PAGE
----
"Teachers can ...best serve their students if they refer regularly and respectfully to the history of economic thought, conveying the reasons for the theoretical constructs of other times and the tentativeness of current theories."
We hear a lot these days about "bucket lists" and doing thrilling things before it's too late. I'm all in favor of new adventures (do skiing lessons in the North Cascades for a southern Louisiana guy count??), but I think it's important to remember that what we call the "mundane" drudgery of modern life is really anything but that in the broad historical context. Our fairly recent ancestors would have no doubt traded the real drudgery of their own lives with the imagined drudgery of ours.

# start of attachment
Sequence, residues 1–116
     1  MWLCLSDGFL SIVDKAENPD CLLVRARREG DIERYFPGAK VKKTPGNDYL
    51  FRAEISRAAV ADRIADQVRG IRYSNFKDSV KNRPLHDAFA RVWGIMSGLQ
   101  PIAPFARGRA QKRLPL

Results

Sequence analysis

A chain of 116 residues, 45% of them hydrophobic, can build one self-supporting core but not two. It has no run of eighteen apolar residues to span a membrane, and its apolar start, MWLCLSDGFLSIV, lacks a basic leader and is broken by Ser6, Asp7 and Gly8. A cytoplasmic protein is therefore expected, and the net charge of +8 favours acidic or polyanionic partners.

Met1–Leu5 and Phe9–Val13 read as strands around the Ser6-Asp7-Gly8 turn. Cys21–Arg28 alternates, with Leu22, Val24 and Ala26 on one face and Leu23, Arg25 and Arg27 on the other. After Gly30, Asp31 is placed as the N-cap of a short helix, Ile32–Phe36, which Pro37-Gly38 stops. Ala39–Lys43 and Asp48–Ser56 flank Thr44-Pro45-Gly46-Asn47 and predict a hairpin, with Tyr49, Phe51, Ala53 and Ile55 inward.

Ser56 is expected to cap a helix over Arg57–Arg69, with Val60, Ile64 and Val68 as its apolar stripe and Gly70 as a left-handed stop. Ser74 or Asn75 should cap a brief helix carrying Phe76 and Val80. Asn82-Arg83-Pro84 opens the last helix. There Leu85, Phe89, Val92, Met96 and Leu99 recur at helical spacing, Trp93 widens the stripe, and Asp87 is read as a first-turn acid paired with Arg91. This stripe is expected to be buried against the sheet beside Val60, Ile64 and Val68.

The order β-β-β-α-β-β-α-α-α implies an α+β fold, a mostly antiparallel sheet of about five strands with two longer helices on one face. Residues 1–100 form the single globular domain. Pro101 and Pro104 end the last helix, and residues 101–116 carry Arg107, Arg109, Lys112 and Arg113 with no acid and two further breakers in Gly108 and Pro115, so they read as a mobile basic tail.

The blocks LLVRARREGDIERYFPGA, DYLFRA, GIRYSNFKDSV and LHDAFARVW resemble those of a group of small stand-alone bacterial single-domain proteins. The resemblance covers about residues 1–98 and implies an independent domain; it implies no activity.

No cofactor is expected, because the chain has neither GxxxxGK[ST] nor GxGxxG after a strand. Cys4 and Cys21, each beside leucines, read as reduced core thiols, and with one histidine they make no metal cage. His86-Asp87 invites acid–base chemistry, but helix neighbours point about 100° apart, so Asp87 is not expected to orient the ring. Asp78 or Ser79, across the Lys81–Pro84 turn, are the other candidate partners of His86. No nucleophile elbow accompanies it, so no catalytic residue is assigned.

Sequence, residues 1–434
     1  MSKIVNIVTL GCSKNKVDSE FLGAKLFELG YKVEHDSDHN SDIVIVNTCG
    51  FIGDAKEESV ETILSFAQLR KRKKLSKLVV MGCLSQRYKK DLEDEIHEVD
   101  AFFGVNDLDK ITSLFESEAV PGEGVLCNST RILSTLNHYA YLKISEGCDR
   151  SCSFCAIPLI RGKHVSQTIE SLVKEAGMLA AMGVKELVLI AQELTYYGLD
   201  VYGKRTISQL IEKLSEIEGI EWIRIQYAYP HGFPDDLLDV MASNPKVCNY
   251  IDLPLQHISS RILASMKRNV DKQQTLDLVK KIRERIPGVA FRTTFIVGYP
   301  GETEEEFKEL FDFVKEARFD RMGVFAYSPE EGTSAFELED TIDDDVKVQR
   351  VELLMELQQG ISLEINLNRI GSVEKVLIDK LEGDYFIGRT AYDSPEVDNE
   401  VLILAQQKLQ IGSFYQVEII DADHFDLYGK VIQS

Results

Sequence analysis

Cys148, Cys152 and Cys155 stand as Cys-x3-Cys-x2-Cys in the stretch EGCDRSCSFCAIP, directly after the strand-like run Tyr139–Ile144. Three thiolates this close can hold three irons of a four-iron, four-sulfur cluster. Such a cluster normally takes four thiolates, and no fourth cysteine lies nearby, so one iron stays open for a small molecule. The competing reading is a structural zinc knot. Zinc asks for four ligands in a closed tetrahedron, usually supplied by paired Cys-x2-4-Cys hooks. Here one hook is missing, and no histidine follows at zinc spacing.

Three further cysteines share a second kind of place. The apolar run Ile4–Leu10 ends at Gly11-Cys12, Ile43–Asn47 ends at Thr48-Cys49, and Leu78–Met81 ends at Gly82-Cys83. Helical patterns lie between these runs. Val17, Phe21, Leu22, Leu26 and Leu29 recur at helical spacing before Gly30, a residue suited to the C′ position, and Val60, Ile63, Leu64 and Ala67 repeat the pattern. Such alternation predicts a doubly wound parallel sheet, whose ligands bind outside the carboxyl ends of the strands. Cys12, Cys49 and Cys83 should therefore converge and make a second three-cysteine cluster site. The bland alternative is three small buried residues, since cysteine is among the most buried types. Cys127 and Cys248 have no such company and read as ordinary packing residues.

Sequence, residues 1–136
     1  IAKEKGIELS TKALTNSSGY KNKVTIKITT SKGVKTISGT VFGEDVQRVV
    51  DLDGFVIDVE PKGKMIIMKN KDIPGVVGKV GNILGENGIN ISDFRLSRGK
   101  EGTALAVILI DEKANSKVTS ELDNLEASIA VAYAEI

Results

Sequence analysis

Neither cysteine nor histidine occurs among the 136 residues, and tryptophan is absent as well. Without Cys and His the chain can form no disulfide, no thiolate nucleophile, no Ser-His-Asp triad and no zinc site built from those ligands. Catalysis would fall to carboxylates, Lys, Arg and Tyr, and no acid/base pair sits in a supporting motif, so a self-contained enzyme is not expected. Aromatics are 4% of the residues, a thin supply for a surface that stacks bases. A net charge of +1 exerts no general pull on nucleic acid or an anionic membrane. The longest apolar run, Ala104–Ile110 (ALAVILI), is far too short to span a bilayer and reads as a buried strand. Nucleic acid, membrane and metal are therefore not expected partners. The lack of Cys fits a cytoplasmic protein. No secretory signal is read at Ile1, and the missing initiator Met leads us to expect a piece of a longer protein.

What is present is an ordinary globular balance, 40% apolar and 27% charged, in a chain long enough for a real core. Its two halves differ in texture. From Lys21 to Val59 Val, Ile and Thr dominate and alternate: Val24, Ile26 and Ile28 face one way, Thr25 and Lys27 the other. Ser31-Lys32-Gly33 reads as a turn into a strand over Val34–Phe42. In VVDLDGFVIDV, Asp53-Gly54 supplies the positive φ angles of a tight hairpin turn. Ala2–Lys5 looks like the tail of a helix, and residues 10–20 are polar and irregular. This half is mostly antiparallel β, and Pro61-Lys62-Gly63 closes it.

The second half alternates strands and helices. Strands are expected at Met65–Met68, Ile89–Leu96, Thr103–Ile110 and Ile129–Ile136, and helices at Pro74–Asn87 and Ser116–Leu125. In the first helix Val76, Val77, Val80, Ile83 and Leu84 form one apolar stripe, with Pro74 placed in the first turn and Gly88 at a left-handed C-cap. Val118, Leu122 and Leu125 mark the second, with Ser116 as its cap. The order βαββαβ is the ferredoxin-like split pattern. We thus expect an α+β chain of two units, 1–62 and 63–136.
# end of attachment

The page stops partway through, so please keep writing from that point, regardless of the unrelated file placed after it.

We would do well to remember what Robert Fogel taught us back in 2004: "Today ordinary people have time to enjoy those amenities of life that only the rich could afford in abundance a century ago. These amenities broaden the mind, enrich the soul, and relieve the monotony of much earnwork [Fogel's term for paid employment].... Today people are increasingly concerned with the meaning of their lives."